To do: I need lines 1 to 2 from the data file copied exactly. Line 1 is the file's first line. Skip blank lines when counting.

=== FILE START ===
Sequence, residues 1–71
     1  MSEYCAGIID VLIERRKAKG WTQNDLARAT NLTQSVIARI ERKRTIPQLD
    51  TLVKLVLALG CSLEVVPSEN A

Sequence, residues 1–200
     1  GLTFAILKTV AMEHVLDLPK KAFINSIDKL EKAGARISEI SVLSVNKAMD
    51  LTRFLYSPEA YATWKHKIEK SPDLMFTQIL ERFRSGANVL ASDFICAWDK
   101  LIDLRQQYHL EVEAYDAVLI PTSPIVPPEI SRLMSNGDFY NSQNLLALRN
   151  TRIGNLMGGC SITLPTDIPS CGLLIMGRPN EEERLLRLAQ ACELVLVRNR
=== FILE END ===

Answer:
Sequence, residues 1–71
     1  MSEYCAGIID VLIERRKAKG WTQNDLARAT NLTQSVIARI ERKRTIPQLD